Sunday, April 24, 2011

David the Movie Snob takes on HANNA (slight spoilers)

Last Thursday, David and I went to see the new film, Hanna.  It's no secret that I have no qualms about watching murderous preteens; in fact I kind of dig that stuff.  So, as you might expect, I was very excited to see this movie.

Joe Wright's camera work and Saoirse Ronan's performance were no disappointment.  The visuals are absolutely incredible, from the opening scene where Hanna takes down a reindeer (I think?) to the ending in an overgrown, whimsical children's theme park.  The initial scenes, aided by Ronan's amazing acting, provide what is needed to get the audience on the side of the underage killer--even after watching her commit brutal acts of (possibly unnecessary?) violence.

However--and it pains me to find myself nearly as snobby as the movie snob himself--the film begins to lose steam about halfway through.  The plot becomes relatively predictable, with the only questions being how exactly it plays out.  Meaning, who lives and who dies.  But all the how's and why's are pretty well inferred.

Another issue, as the Snob himself pointed out, is that there are a few...let's say "ability" inconsistencies. Early action scenes are very Bourne-esque, with Hanna and her father taking down 2-8 armed and trained federal agents with minimal difficulty.  However, when Hanna and her father's nemesis enlists the help of a German fetishist and his two scrawny skinhead goons, well, that's when the super-teen and her dad meet their match.  While 8 agents don't pose a threat, man it's really hard and stressful to take down these German brawlers on motorbikes.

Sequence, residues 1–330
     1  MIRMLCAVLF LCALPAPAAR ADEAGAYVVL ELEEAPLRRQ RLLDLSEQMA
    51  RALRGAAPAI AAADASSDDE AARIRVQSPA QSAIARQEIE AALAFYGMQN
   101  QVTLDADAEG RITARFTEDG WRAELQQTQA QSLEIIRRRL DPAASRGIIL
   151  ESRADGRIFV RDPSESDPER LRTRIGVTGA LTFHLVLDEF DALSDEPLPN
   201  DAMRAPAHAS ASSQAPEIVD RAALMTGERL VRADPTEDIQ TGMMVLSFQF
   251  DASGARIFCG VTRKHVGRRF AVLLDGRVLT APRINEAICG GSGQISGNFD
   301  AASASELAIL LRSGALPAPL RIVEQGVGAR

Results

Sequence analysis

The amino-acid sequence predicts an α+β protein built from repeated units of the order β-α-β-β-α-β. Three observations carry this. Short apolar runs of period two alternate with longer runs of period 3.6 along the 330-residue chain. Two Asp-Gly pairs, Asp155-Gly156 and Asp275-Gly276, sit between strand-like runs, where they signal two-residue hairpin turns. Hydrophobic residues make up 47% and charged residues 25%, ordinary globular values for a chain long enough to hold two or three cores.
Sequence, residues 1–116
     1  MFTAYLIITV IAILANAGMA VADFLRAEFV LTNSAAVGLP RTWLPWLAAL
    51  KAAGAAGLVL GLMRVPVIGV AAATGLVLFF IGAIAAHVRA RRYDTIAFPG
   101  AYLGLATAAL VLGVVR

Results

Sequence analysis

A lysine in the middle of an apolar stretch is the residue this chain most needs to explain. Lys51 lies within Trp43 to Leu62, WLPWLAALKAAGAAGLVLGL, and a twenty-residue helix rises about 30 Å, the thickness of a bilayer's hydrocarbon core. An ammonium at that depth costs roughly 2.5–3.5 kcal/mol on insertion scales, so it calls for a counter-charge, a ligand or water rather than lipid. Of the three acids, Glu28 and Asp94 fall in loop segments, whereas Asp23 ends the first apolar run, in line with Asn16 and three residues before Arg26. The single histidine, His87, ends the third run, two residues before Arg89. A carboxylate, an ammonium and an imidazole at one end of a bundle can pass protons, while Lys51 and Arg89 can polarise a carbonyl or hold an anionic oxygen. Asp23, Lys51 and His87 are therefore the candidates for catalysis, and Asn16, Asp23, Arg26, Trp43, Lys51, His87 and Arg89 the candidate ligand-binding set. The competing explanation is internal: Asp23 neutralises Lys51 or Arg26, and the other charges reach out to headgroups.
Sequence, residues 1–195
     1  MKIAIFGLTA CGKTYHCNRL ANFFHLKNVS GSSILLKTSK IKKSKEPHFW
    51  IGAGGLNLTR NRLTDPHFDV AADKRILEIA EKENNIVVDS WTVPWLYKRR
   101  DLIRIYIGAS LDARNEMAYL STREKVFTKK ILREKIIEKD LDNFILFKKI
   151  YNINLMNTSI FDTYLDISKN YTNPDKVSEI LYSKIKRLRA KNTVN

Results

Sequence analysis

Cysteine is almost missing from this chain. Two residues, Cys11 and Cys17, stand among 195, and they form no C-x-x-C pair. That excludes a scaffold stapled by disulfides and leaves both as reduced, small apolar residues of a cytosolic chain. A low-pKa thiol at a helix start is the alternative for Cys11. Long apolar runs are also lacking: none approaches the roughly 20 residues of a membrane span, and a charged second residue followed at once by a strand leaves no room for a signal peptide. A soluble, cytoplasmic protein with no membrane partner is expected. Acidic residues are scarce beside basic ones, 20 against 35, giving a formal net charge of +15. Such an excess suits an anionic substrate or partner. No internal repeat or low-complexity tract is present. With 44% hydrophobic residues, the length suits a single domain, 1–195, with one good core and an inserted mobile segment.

So, in sum, it was an amazing and visually exciting movie to watch, and I'd still recommend it to anyone who digs that sort of thing.  I mean, I'd probably even watch it again.  But, there are plot issues, and I can tell you David the Movie Snob will not be taking in a second viewing.

The breakdown:
DMS rating: 4/10, to which I responded, "REALLY!?"  Jeez, it wasn't that bad!
my rating: 7/10  Seriously, give it a watch! :)

Anyone else seen this flick?  What did you think?

Friday, April 22, 2011

Silver - just some writing

My mind has been brimming with little stories, character sketches, and other things lately.  It's like the start of summer sent a creative surge through my brain.  Which is awesome, but I'm trying to focus on my current WIP right now, and all these great ideas can be VERY distracting.  So I had an idea.  Just as listening to that song in your head makes it quiet down (at least for a little while), I thought if I did a bit of writing on just one of these ideas, maybe they'd all shut up for awhile and I can focus on my space opera. :)

As I was falling asleep last night, some lines were flickering in my head - less story than character sketch, but I thought I'd put them down.  And, since I'm trying to write more in the blog, I figured why not put them down for all to see? :)


Silver -

I can't remember a time in my life when I didn't know about death.  No one had to teach me; it was just something that wove itself through my childhood like the silver thread woven through the quilt my dead grandma made me.

I was born exactly one year after the death of my uncle, the one I never met.  In some ways, I knew him, Paul, better than I knew my living aunts and uncles.  His photograph stared at me from every room in the house we shared with my grandparents.  His name lingered always just behind the last word of every conversation, as if the walls themselves whispered it.  I still remember the way the air around us would turn thick like syrup if anyone slipped up and actually did mention his name out loud.  If someone said it, "Paul," time stopped for a few seconds, freezing us in that moment until we could push it away again and go on with life.

There is a lot of responsibility being the first born after a death.  Though no one said it, even before kindergarten I knew that I was more than just the first grandchild.  The more religious of the family believed I was sent to them.  The spiritual thought I was Paul reincarnated.  And even to those whose views were less articulated, I was the Silver Lining, the light shining behind the dark cloud of death.

If anything, I was a constant reminder of him.  I learned to tell the difference between someone looking at me, the new baby born into this family, versus someone looking at his memory.  When they looked through me, a sad smile on their lips and softly glazed eyes, I knew they weren't seeing me at all.  But that was alright; at least they had a smile, even if sad.  At least I made them smile at all.